If a string player has to play pizzicato for a long period of time, the performer may put down the bow. Violinists and violists may also hold the instrument in the "banjo position" (resting horizontally on the lap), and pluck the strings with the thumb of the right hand. This technique is rarely used, and usually only in movements which are pizzicato throughout. A technique similar to this, where the strings are actually strummed like a guitar, is called for in the 4th movement of Rimsky-Korsakov's Capriccio Espagnol (Scena e canto gitano), where the violins, violas and cellos are instructed to play pizzicato "quasi guitara", the music here consists of three- and four-note chords, which are fingered and strummed much like the instrument being imitated.

Other pizzicato techniques

Another colorful pizzicato technique used in the same Rimsky-Korsakov piece mentioned above is two-handed pizzicato, indicated by the markings m.s. and m.d. (for mano sinistra, left hand, and mano destra, right hand); here, the open E string is plucked alternately in rapid succession by the left and right hands.

Pizzicato
The music notation for left hand pizzicato

One can also use the left hand fingers for pizzicato, either when they are not in use or as they are leaving their previous position. This allows pizzicati in places where there would not normally be time to bring the right hand from or to the bowing position. Use of left-hand pizzicato is relatively uncommon and is most often found in the violin solo repertoire; two famous examples of left-hand pizzicato are Paganini's 24th Caprice and Sarasate's Zigeunerweisen. Left hand pizzicato can also be used while bowed notes are being held, an effect appearing primarily in repertoire of the late 19th century and beyond. Examples of this technique can be found in the works of Wieniawski, Berg ( Violin Concerto ), Stravinsky ( Three Pieces for String Quartet ) and many others.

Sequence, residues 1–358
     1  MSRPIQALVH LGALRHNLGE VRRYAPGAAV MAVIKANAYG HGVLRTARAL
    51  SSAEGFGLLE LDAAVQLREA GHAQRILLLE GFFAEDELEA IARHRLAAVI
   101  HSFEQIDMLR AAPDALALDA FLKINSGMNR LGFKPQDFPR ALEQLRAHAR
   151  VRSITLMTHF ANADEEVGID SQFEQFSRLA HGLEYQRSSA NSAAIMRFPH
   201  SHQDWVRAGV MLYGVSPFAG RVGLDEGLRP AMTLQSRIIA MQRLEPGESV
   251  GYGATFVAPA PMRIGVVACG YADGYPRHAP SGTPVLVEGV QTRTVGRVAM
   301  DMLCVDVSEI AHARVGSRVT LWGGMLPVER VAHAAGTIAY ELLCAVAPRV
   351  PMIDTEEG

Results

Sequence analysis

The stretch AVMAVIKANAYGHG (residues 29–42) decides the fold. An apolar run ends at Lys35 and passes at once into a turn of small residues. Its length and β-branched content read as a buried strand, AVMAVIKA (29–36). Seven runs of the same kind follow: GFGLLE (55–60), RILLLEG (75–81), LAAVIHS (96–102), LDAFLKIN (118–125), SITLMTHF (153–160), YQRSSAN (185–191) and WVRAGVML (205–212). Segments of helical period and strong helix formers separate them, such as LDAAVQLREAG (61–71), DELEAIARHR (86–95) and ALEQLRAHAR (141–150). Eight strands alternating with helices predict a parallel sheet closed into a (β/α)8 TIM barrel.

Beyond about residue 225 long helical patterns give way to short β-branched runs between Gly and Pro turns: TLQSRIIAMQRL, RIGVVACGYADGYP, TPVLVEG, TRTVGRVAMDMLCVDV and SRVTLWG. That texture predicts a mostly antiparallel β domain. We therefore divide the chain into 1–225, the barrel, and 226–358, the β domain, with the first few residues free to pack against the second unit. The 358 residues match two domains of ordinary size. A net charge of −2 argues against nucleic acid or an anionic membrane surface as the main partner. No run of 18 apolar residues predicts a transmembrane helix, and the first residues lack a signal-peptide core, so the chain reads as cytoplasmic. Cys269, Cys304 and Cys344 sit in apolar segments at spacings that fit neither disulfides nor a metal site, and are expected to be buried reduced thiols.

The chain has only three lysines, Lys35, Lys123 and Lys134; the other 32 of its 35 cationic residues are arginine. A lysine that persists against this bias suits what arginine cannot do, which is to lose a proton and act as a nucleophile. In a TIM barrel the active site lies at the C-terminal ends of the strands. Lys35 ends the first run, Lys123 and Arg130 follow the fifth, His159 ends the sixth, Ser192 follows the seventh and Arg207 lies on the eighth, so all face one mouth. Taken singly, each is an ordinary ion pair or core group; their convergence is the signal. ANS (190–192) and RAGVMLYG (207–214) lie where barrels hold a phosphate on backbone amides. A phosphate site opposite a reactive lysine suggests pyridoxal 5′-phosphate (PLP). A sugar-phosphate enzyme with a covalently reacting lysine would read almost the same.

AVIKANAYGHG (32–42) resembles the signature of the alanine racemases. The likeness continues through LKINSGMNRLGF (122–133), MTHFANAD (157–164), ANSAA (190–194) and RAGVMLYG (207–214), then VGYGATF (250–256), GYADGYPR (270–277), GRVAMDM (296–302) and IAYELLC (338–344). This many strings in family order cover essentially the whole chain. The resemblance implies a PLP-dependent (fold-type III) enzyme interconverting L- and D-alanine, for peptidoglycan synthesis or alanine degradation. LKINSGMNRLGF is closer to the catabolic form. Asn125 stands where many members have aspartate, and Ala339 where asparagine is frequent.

Maurice Delage calls for slurred pizzicati in the cello part of his Quatre poèmes hindous for soprano and chamber orchestra. This is achieved by playing one note, and then stopping a new note on the same string without plucking the string again. This technique (known as "hammering-on" to guitarists) is rarely used on bowed instruments.

Pizzicato
The music notation for Bartók pizzicato

A further variation is a particularly strong pizzicato where the string is plucked vertically by snapping and rebounds off the fingerboard of the instrument. This is known as snap pizzicato or Bartók pizzicato, after one of the first composers to use it extensively (e.g. in the 4th movement of his Fourth String Quartet, 1928). Gustav Mahler famously employs this kind of pizzicato in the third movement of his Seventh Symphony, in which he provides the cellos and double basses with the footnote 'pluck so hard that the strings hit the wood' (bar 401).

On the double bass, this style of snap pizzicato, or "slapping", was used in jazz since the 1920s and later used in rockabilly. Because an unamplified double bass is generally the quietest instrument in a jazz band, many players of the 1920s and 1930s used the slap style, slapping and pulling the strings so that they make a rhythmic "slap" sound against the fingerboard. The slap style cuts through the sound of a band better than simply plucking the strings, and allowed the bass to be more easily heard on early sound recordings, as the recording equipment of that time did not favor low frequencies.

Bartók also made use of pizzicato glissandi, executed by plucking a note and then sliding the stopping finger up or down the string. This technique can be heard in his Music for Strings, Percussion and Celesta .

Related Research Articles

Cello Bowed string musical instrument

The cello ( CHEL-oh; plural celli or cellos) or violoncello ( VY-ə-lən-CHEL-oh; Italian pronunciation: [vjolonˈtʃɛllo]) is a bowed (and occasionally plucked) string instrument of the violin family. Its four strings are usually tuned in perfect fifths: from low to high, C2, G2, D3 and A3. The viola's four strings are each an octave higher. Music for the cello is generally written in the bass clef, with tenor clef and treble clef used for higher-range passages.

Double bass Acoustic stringed instrument of the violin family

The double bass, also known simply as the bass, is the largest and lowest-pitched bowed string instrument in the modern symphony orchestra. The Double bass has a similar structure to the cello.